Identification of eligible studies
We identified 54 articles from PubMed, EMBASE, Cochrane Library, Web of Science, Google Scholar and CINAHL. Of these articles most were excluded after reading the titles and abstracts, mainly because they were reviews or were not relevant to the meta-analysis, leaving 11 that appeared to fulfill the inclusion criteria. Following more thorough scrutiny, an additional 7 articles were excluded. Finally, a total of 4 prospective articles including 232 cases of Epilepsy and 186 participants were included in the meta-analysis [10-13]. A detailed flowchart of the selection process is presented in figure 1.
Figure 1: Flow diagram of the study selection process. View Figure 1
The main characteristics of the 4 included studies are presented in table 1. Four studies involved 232 patients with epilepsy, with a total H. pylori infection rate of 46.98% (109/232). The sample size of the control groups was 186, of which 49 were H. pylori-positive (26.34%). Concerning the H. pylori measure methods, two studies used ELISA, and two studies used the 13C urea breath test (13C-UBT). Okuda, et al.  divided the epilepsy subjects into two subgroups: idiopathic generalized epilepsy (IGE) and idiopathic localization-related epilepsy (ILE). Ozturk, et al.  separated the Epilepsy patients into poor prognosis and good prognosis groups. Asadi-Pooya, et al.  determined the frequency of infection with H. pylori among two groups of patients with epilepsy: patients with idiopathic generalized epilepsy (IGE) and patients with temporal lobe epilepsy (TLE) due to mesial temporal sclerosis. Razak, et al.  investigated the association of H. pylori infection with generalised epilepsy and partial epilepsy.
Table 1: Characteristics of the 4 included studies. View Table 1
Results of meta-analyses
Overall, the prevalence of H. pylori infection in patients with epilepsy was higher than that in control groups. (46.98% vs. 26.34%, OR = 2.58, 95% CI: 1.15-5.82, P = 0.02) (Figure 2). The heterogeneity was high (P = 0.03, I2 = 68%). We performed a subgroup analysis to further investigate the factors impacting the overall results.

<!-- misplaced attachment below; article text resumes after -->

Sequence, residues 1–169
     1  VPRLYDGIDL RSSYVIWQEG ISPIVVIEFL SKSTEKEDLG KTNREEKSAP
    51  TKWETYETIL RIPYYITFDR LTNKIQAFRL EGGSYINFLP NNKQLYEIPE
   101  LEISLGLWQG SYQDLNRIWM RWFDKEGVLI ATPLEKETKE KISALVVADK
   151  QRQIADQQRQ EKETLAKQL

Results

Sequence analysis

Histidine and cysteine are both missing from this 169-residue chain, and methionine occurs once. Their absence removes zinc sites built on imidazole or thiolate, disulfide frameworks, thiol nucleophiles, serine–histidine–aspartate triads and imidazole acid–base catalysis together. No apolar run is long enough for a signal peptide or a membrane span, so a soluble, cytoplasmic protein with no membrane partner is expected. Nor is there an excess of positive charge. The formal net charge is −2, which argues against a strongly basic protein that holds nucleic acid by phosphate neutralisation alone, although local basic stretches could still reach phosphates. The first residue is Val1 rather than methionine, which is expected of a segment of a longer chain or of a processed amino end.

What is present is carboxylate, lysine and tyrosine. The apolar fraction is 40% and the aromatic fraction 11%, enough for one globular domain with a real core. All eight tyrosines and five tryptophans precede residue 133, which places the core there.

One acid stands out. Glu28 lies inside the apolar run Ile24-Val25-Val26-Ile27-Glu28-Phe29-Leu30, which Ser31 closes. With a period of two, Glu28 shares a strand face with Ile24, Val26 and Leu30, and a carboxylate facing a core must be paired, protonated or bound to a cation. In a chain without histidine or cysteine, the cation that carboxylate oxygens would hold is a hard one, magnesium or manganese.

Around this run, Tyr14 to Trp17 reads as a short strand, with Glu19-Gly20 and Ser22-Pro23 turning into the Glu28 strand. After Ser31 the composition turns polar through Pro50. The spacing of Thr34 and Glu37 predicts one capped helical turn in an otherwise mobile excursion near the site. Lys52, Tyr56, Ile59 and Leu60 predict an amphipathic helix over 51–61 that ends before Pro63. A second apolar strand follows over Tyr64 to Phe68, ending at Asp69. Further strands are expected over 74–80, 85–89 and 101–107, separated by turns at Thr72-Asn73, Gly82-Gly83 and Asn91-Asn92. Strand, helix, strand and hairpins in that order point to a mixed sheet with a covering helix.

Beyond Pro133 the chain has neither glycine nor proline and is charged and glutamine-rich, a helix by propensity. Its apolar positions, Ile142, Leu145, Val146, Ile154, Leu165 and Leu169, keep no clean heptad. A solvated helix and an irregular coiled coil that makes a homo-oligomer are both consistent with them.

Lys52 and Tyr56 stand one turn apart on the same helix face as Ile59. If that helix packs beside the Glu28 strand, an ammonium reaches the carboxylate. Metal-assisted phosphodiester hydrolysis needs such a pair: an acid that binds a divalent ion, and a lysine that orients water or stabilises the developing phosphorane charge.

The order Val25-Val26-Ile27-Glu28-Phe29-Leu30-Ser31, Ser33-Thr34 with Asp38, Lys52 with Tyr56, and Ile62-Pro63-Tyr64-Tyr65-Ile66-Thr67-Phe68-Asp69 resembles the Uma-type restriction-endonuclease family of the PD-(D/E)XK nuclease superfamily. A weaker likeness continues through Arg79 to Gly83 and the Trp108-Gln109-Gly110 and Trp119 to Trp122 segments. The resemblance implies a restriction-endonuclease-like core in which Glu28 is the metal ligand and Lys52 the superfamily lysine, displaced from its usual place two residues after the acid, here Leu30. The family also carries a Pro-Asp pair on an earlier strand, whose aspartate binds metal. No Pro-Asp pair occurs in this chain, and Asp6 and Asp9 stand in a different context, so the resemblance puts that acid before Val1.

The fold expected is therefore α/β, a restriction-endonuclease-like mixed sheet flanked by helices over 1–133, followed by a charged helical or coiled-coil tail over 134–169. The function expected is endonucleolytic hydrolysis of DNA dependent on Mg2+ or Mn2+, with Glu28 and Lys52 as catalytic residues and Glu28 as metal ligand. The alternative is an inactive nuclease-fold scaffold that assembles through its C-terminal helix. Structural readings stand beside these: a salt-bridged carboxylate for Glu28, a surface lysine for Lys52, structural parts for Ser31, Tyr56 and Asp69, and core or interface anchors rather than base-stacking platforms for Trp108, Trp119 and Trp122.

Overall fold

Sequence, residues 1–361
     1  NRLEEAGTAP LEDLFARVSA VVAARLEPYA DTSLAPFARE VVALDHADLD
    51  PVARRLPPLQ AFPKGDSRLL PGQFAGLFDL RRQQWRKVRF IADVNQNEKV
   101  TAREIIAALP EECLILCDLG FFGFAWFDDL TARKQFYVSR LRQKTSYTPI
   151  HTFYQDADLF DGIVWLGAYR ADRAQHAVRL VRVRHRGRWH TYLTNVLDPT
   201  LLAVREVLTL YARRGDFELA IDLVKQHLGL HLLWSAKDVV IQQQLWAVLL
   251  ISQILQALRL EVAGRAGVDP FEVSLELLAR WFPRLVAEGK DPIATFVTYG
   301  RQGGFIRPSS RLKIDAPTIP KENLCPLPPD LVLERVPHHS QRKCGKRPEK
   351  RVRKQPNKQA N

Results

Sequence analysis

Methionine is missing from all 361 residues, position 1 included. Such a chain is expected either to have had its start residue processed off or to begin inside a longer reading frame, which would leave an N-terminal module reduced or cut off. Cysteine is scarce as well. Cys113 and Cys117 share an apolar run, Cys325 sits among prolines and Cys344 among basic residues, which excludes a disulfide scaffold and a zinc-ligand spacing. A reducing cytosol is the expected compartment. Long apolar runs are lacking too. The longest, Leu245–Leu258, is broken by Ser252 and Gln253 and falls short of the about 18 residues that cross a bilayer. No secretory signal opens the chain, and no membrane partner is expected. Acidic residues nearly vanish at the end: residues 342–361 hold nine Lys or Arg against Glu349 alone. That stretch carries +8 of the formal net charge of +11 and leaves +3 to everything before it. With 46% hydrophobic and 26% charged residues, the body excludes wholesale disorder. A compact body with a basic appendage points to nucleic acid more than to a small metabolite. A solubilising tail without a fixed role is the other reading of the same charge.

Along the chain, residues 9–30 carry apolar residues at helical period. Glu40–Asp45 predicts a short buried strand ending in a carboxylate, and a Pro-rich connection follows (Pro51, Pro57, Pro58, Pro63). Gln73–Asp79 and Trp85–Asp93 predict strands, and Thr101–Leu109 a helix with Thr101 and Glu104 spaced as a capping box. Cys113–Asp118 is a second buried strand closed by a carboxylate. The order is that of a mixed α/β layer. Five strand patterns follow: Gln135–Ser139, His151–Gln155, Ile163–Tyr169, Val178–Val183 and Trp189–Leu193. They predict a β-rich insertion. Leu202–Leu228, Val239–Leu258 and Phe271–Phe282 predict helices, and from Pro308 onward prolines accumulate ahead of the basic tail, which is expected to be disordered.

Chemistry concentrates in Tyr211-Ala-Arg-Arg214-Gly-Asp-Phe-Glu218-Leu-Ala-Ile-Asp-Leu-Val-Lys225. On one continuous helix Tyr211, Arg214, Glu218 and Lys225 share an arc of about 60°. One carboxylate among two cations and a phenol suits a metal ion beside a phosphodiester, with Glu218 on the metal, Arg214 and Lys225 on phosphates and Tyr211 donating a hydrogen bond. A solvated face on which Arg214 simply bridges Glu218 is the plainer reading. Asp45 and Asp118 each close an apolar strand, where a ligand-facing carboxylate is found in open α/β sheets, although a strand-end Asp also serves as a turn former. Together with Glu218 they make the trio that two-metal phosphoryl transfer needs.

Figure 2: Overall meta-analysis of the prevalence of H. pylori infection in the epilepsy group compared with the control group. View Figure 2
Using stratified analysis based on different methods, the data revealed that the prevalence of H. pylori infection in epilepsy patients was greater than that in control group by using ELISA in two studies (OR = 5.36, 95% CI: 2.62-10.95, P < 0.00001), but it was not statistically significant difference when using 13C urea breath test in other two studies (OR = 1.36, 95% CI: 0.75-2.46, P = 0.32) (Figure 3).
Figure 3: Subgroup analysis according to different detection methods for the association of H.pylori infection with Epilepsy. View Figure 3
The association between epilepsy and H. pylori infection is controversial [10-15]. In this meta-analysis we provide an overview of the relationship between H. pylori positiveity and epilepsy with a total of 418 subjects from four eligible studies. Overall the prevalence of H. pylori infection in epilepsy patients (46.98%, 109/232) was higher than in control individuals (26.34%, 49/186) (P = 0.02), indicating that H. pylori infection may be a risk factor for epilepsy.